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Description:
Rare earth elements (REE) have seen a sharp increase in use in a number of technical materials such as high density and high temperature tolerant permanent magnets, lamp phosphors, catalysts, rechargeable batteries and many other technologies related to a transition to a greener economy. With China controlling more than 90% of REE output and increasingly stringent export quotas, the world at large faces a risk of supply disruption. Recycling of spent materials is therefore crucially important. ISU researchers have developed a novel approach to recycling REEs (particularly neodymium and dysprosium) by dissolving REE containing metal scrap in a reducing aqueous solution. After simple processing of the solubilized material, pure REE-oxides can be recovered. Recovery yield of the REE-oxides are typically greater than 95%. The use of aqueous reduction to dissolve the REE replaces the need for environmentally unfriendly acid use.

Advantage:
• Cost effective and time efficient
• Environmentally friendly
• Expected to scale efficiently
• Applicable to small or large scale operation

Application:
Recycling rare earth elements

Patent:
Patent(s) applied for

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]]>Fri, 16 Dec 2016 13:05:02 GMTlicensing@iastate.eduhttp://isurftech.technologypublisher.com/technology/237074443Mon, 13 Nov 2017 10:25:19 GMTSummary:

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]]>Advantage:Application:Recycling rare earth elementsPatent:Patent(s) applied forDesc0000.pngCraigForneyCommercialization Manager, Chemistry and Materials Sciencesceforney@iastate.edu515-294-4740FalseNano-patterning Methods Including: (1) Patterning of Nanophotonic Structures at Optical Fiber Tip For Refractive Index Sensing and (2) Plasmonic Crystal Incorporating Graphene Oxide for Detection of Gaseous/Aqueous compoundshttp://isurftech.technologypublisher.com/technology/23693Summary:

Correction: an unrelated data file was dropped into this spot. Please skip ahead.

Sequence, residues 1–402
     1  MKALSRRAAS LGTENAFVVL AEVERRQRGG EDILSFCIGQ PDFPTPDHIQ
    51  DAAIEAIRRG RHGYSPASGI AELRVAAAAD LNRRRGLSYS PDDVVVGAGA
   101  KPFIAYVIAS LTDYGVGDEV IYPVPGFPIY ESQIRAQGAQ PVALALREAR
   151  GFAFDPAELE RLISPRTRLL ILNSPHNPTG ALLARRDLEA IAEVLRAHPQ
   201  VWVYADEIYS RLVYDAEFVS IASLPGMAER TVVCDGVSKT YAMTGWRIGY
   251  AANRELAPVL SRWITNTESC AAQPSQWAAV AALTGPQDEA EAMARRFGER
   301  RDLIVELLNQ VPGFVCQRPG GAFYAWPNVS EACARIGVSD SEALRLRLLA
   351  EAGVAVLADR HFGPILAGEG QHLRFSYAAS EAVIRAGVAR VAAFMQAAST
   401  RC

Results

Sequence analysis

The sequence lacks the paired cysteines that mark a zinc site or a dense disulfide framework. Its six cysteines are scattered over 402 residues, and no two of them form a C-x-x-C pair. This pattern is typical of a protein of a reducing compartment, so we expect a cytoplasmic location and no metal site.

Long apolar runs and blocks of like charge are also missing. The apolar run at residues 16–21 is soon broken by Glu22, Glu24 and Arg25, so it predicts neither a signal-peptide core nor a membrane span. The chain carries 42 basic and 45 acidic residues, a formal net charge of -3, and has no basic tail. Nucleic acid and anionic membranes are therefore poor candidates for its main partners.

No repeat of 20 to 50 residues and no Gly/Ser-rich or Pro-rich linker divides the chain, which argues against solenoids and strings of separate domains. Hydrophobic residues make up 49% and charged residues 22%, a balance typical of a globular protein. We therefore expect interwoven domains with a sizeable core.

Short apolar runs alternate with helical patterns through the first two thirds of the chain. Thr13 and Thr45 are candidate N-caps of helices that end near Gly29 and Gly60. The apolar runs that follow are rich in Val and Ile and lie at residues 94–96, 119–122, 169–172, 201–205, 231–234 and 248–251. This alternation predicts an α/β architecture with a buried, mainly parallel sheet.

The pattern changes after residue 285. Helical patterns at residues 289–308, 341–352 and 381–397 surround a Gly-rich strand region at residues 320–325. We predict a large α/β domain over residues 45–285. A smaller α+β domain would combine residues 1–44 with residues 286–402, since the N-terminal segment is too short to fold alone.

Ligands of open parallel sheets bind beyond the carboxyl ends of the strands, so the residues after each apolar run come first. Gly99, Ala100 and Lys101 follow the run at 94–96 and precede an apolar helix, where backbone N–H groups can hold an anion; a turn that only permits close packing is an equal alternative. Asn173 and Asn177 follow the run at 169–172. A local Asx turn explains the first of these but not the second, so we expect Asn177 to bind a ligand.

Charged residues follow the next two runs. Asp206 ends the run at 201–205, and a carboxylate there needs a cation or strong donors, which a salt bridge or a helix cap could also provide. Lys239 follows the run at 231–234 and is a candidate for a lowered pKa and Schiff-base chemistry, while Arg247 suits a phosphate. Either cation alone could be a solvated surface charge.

ISU researchers have developed a process that relates to nano-patterning at the tip of an optic fiber for waveguide and remote sensing functionalities.  The invention includes techniques of nanopatterning that can be less complex as well as high resolution and rapid. Using these developments, researchers have created a new sensor built on a plasmonic crystal structure coated with graphene oxide (GO)---Other gas/liquid specific coatings can be supported.  The sensor allows selective detection of different species in gaseous/aqueous form through the tuning of the refractive index via the design of the nanostructure, and its modulation under exposure to varying concentrations of species.

Description:
The ability of creating high-resolution nanopatterns on the tip of optical fiber has a great potential to open up many possibilities of realizing applications involving remote sensing based on optical refractive index modulation with different detection devices such as diffraction gratings, photonic crystals, and nanophotonic resonators.  This invention is a simple and efficient method to inscribe high-resolution nanophotonic patterns on the cleaved facets of optical fibers using UV assisted nanoimprinting lithography.  Using this innovative process, researchers at ISU have developed a new sensor built on a plasmonic crystal structure coated with GO---Other gas/liquid specific coatings can be supported.  The sensor allows selective detection of different species through the tuning of the refractive index via the design of the nanostructure, and its modulation under exposure to varying concentrations of the species.

Advantage:
• A simplified and efficient process to fabricate nanopatterns on optical fiber tip
• Utilization of the guided mode resonance (GMR) structure to monitor surrounding refractive index changes